“Certainly it’s not going away by any means,” Evans said.
Designer synthetics have claimed several other lives in Minnesota.
Three years ago in Blaine, 11 teens and young adults were rushed to hospitals after snorting a synthetic drug called 2C-E. Trevor Robinson, 19, died after doctors removed him from life support. His friend Timothy LaMere pleaded guilty to supplying the substance, which he bought online, and was sentenced to 10 years in prison.
Synthetic drugs are often packaged and sold as innocuous products including “bath salts” or “research chemicals” and touted as legal alternatives to cocaine, marijuana and other controlled substances. But federal and state laws have been written to ban many of those chemically related drugs and their analogues, too.
Minnesota Board of Pharmacy executive director Cody Wiberg said Wednesday that he hadn’t heard of the particular packages found in Mankato. “If it turns out that it really is one of the 2-C analogues that caused these deaths, then whoever sold those drugs was very clearly illegally selling them, because they are schedule 1 [illegal] in this state,” he said.
Drug expert Carol Falkowski, chief executive officer of Drug Abuse Dialogues, listed in a report that exposures reported to the Hennepin Regional Poison Center for 2C-E and its analogues increased from 23 in 2011 to 35 last year. Synthetics classified as “bath salts,” however, decreased from 144 to 50 in that time frame.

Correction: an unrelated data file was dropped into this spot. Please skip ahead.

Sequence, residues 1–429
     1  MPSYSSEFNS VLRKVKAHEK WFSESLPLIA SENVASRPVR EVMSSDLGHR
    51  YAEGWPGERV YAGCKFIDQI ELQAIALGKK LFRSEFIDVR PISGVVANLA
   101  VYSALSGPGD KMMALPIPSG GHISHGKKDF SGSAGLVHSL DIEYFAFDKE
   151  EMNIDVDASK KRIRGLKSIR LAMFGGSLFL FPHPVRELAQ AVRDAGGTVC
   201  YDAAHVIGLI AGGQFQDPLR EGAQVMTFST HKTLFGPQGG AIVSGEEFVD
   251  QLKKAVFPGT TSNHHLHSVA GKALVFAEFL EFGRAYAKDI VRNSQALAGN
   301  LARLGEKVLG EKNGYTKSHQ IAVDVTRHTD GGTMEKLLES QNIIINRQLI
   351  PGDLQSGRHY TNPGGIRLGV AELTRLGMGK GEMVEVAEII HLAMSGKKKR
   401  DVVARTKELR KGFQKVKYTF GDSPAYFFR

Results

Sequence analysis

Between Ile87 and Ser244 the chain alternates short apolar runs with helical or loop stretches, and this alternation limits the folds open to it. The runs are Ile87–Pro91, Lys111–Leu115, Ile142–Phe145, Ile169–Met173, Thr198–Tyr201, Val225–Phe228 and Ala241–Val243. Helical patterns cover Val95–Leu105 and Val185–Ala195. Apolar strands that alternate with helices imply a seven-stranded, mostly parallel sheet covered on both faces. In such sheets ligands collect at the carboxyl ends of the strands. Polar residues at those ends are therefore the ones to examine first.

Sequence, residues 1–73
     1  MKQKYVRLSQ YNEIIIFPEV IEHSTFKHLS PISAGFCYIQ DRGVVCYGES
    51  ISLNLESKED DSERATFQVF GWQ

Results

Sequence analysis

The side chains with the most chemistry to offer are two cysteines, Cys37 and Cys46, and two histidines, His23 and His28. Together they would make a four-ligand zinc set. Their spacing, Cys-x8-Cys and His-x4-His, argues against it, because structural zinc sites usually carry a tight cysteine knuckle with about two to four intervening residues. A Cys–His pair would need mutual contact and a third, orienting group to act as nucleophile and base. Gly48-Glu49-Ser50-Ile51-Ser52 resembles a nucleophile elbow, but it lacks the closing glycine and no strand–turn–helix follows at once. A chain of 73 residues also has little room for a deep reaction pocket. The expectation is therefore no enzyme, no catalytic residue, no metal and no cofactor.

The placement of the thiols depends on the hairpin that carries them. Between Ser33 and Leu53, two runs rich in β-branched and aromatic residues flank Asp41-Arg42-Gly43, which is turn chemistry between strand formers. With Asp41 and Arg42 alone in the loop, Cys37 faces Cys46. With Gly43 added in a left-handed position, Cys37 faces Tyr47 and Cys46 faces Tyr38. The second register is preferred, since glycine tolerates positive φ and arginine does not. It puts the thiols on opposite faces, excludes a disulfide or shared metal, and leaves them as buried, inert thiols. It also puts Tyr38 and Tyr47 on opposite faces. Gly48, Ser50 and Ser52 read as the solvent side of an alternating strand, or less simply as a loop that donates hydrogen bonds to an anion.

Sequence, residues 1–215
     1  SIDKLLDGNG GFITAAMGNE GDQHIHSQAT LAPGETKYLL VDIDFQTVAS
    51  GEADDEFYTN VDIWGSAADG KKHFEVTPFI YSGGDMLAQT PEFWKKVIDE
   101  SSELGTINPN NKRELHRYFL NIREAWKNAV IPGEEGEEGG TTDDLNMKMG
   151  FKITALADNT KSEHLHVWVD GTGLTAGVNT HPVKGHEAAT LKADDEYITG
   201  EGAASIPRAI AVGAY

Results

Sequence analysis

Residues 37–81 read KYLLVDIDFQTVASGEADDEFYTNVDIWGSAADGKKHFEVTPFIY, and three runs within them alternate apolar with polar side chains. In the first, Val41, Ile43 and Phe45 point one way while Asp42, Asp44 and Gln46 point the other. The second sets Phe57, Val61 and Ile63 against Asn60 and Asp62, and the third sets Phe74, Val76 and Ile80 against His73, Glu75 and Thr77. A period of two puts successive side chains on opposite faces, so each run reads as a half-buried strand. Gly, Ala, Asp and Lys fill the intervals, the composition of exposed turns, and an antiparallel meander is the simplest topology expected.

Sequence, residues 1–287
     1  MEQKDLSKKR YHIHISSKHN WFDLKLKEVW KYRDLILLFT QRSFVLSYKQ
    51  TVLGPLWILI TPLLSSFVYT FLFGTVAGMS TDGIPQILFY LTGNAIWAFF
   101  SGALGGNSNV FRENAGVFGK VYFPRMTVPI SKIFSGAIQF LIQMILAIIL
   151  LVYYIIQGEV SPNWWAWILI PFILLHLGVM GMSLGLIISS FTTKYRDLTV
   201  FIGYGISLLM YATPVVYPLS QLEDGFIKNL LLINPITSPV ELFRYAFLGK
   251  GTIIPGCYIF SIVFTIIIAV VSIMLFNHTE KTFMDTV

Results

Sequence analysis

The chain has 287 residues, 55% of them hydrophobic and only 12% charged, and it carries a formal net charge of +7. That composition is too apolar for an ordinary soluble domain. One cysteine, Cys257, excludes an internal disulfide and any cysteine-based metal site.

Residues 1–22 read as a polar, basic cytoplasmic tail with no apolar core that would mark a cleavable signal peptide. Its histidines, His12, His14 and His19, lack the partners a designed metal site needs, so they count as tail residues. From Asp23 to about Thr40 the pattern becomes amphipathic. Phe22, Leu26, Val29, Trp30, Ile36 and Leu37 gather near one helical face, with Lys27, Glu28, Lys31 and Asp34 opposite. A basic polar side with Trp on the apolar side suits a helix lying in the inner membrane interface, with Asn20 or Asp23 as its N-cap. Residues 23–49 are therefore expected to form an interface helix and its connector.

Experts warn that the illegal synthetics may be made in overseas labs or in people’s homes and may never have been tested on people. Buyers can never be sure of what’s in the package.
“This is like playing Russian roulette,” Wiberg said. “You simply don’t know what you’re going to get.”
The Legislature is looking at ways to strengthen synthetic drug laws, including combating the supply by allowing the Pharmacy Board to issue cease-and-desist orders to businesses that sell them.
“We’d be able to get the product, have it analyzed, issue a cease-and-desist order to stop selling the product,” Wiberg said. They could also have the product destroyed at the owner’s expense, he said.
He was studying music
Folson-Hart, who graduated from Mankato East High School, was intending to enter Minnesota State University, Mankato, to study music.
“He was self-taught on keyboards,” Folson said of her son, adding that he also had taken voice lessons. “He was very good at it. Music was his thing.”
Mankato School District Superintendent Sheri Allen said that Moses was “a very good student. She was known as an artist. … Her family wanted it known about her enjoying and loving art.”
Cheryl Kohleriter said she got to know her niece pretty well when they both were at the funeral for the teen’s grandfather late last year in Mankato.
“She didn’t seem like a drug user, an addict,” Kohleriter said. “She was just a normal kid who was really cool, real funky like. To have her life cut short so fast is so stunning.”
Mankato police warned anyone with the substance to “not consume it, and do not sell it or provide it to anyone.”
If given to another person and death results, police continued, homicide charges are possible.